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The First Fights After Roe

The Life at Conception Act is headed toward a vote, and is likely to set the tone for pro-life legislative efforts in the post-Roe future.

Rep. Bob Good conducts a news conference in the Capitol Visitor Center on Tuesday, June 15, 2021. (Photo By Tom Williams/CQ-Roll Call, Inc via Getty Images)

In the early hours of the morning in Gresham, Oregon, last Friday, the pro-life Pregnancy Resource Center went up in flames---the latest apparent target in a string of arson and other attacks carried out by a pro-abortion terrorist group calling itself "Jane's Revenge." Starting in Madison, Wisconsin, last month, the radical group has firebombed and otherwise vandalized a number of crisis pregnancy centers all over the country. All in all, over 50 centers and other pro-life targets have been subjected to violent attacks through the spring and early summer.

A statement issued by Jane's Revenge threatens more and worse violence to come if its demands are not met immediately. "We have demonstrated in the past month how easy and fun it is to attack," the missive reads. "We are versatile, we are mercurial, and we answer to no one but ourselves." This is the only terrorist group I am aware of whose manifestos read like clippings from a horoscope column. "We promised to take increasingly drastic measures against oppressive infrastructures. Rest assured that we will, and those measures may not come in the form of something so easily cleaned up as fire and graffiti." The group declares "open season" on any pro-life group that does not willingly close its doors, encouraging "everyone with the urge to paint, to burn, to cut, to jam: now is the time."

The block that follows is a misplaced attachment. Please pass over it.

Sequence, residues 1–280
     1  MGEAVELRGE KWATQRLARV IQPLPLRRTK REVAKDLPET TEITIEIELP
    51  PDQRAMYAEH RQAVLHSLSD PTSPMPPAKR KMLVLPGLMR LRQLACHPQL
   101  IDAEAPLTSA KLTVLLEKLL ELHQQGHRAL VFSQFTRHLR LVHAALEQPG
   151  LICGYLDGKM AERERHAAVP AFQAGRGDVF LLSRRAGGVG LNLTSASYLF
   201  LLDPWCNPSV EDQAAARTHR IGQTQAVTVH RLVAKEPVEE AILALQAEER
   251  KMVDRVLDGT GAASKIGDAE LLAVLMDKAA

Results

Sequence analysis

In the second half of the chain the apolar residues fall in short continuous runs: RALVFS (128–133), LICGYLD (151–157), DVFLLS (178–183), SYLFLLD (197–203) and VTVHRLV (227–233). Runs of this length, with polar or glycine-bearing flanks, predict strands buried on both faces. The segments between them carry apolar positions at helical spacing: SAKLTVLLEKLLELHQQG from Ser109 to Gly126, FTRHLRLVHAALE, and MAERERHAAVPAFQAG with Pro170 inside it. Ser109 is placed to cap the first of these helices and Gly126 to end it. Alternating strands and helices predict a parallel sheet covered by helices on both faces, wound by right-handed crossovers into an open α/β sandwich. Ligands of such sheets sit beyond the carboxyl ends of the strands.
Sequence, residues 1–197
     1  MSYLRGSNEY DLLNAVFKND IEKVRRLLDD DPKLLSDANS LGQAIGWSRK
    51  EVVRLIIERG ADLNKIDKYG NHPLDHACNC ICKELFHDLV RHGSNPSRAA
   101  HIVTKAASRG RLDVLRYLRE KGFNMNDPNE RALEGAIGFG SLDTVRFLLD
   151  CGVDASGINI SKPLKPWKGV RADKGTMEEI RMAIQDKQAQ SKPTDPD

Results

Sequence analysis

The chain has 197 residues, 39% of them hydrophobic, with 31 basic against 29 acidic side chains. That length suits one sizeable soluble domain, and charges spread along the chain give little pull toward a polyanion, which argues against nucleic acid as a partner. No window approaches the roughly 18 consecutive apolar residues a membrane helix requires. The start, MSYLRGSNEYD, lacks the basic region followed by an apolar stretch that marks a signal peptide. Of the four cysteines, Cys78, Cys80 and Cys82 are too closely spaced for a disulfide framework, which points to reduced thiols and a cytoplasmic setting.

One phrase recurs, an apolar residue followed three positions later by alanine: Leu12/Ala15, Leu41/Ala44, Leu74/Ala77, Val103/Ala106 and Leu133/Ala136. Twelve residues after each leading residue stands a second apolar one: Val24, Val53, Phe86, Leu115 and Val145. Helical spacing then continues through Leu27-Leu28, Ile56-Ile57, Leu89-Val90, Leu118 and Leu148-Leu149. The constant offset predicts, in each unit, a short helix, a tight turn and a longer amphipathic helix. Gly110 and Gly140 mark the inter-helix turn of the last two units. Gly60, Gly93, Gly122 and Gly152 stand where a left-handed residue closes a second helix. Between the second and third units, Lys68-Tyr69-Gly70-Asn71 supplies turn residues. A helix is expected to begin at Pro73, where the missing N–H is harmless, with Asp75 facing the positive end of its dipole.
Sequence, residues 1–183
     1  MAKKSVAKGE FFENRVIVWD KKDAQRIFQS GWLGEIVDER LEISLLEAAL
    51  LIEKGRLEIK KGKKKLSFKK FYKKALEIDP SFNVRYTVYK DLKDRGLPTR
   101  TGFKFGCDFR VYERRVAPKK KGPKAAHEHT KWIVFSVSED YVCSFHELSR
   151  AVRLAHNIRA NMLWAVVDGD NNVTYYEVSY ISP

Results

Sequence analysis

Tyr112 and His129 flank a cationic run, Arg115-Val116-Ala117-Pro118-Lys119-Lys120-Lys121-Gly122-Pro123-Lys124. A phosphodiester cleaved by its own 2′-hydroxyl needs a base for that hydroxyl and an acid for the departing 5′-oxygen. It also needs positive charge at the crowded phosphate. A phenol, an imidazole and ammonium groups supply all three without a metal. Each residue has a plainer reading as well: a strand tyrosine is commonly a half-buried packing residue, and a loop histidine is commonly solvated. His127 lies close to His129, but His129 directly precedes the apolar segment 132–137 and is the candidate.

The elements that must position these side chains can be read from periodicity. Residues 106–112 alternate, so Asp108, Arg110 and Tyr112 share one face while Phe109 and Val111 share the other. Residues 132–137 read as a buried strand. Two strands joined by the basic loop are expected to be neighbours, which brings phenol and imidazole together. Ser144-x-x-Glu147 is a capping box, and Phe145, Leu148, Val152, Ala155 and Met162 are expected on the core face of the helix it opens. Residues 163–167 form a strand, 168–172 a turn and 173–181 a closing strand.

The occasion for all this, of course, is the recent leak of Justice Samuel Alito's draft opinion in Dobbs v. Jackson Women's Health, which would overturn the Court's 1973 ruling in Roe v. Wade and the federal abortion mandate it created. Just short of half a century and well over 60 million dead, the untenable settlement of Roe seems finally to be nearing its collapse. In not just the firebombings but the leak itself and the organized preparations for future lawbreaking, one side has made quite clear how it will act under an order in which states can at least determine whether or not the murder of children is legal.

How those who would see it outlawed everywhere will respond is a much less settled question. A number of pro-life legislators have offered the Life at Conception Act as an answer. Introduced by Senator Rand Paul of Kentucky in the upper chamber and by Representative Alex Mooney of West Virginia in the lower, the Life at Conception Act, invoking the 14th amendment, would affirm in law "that the right to life guaranteed by the Constitution is vested in each human being" and demand "equal protection for the right to life of each born and preborn human person." It ends with a disclaimer, however, that "nothing in this Act shall be construed to authorize the prosecution of any woman for the death of her unborn child."

Though 163 of the House's 210 Republicans are signed on to the bill as cosponsors, it has remained stalled in committee since the middle of April. On the same day as the firebombing of the Gresham Pregnancy Resource Center, Rep. Bob Good of Virginia led 60 House Republicans in a petition to discharge the act, which would force an hour of debate followed by a recorded vote.